The Circle came together with Tim Kazul, Jon Wittemyer, Lukas Ault @ CBRE, and Katherine Murphy, Brenna Moorhead @ Goodwin to discuss how to work with your landlord on financial needs here-and-now and space need in the near future.
Here were the key takeaways:
Know your landlord, know your lease, then engage them with a clear plan. First, prepare to approach your landlord with a specific request. A general plea for relief will get little traction. CBRE has seen rent deferral as the most frequent concession landlords have been willing to grant, not abatement. Second, know the dynamics at play on your landlord’s side. Is your landlord a public REIT, a large institution, or a smaller mom and pop owner? Do they have a lender to answer to with their own cash flow needs? Are they merely the “middleman” in this negotiation? How much does your lease account for in your landlord’s building/portfolio? Coworking operators are in need of cash where you may be able to pay now to get out of a longer-term lease. Lastly, Goodwin advises companies to understand all of the terms in your lease. Though your lease was drafted without a pandemic in mind, your negotiating latitude is often found within the language of terms like “Interruption of Service”, “Force Majeure”, “Penalties for Default” and others. Also understand the terms of your insurance policy which might possibly provide for some financial relief on rent.
Playing hardball does not equate to being combative. You should negotiate and you should push for what your business needs. But, you can have a friendly dialogue while proposing demanding terms. At the very least, understand that your landlord is overwhelmed too. Landlords treat tenants with the same respect that is being afforded to them. Be transparent. Your landlord’s diligence will likely be more scrutinizing than when you first took possession of the space (note: consider an NDA when bringing sensitive information to the table). Show them the real impact – on your books, on your workforce, on your ability to pay. The more dire your situation, the more likely your landlord is to work with you. But, if your business has plenty of cash runway and is not struggling, don’t expect concessions just because others have gotten them. To summarize, use the CBRE axiom: “negotiate, don’t berate.”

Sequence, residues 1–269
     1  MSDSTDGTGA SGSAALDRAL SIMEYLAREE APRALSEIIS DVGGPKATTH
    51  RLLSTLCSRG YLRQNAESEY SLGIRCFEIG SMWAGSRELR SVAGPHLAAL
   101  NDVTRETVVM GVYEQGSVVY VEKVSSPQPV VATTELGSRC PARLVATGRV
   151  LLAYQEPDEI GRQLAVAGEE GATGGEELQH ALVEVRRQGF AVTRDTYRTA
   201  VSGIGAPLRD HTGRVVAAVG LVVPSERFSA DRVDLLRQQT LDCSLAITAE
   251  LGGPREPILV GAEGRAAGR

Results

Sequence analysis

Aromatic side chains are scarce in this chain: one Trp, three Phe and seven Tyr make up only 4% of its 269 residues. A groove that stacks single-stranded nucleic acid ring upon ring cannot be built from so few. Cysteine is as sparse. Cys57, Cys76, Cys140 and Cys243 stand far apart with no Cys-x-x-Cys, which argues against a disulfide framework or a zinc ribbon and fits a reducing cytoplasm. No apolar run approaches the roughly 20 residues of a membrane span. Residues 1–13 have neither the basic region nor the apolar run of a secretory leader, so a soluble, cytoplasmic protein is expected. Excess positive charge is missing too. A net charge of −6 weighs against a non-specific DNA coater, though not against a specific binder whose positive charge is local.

If you are looking to sublease your space, move quickly. Historically, first movers tend to benefit when the market is poised to have a surplus of sublease square footage coming online. The volume of sublease space in the Bay Area has increased by 100% in 2020. If this is your strategy, get ahead of others to avoid competing in a buyers’ market. Also, consider bringing a prospective new tenant directly to your landlord – this could give you leverage to negotiate a termination, then hand off the new tenant to your landlord and avoid having to become one yourself.
Real estate historically lags ~ 6-months. Based on historical data, in recessionary periods the commercial real estate market has lagged the stock market downturn and recovery by about 6 months. In the Bay Area, tenant demand is down 50% from 10 weeks ago. Expect that the market to soften in the coming months where you might pick-up some space for cheaper.
HERE you will find proposed levers to pull to mitigate CRE costs by Goodwin and CBRE.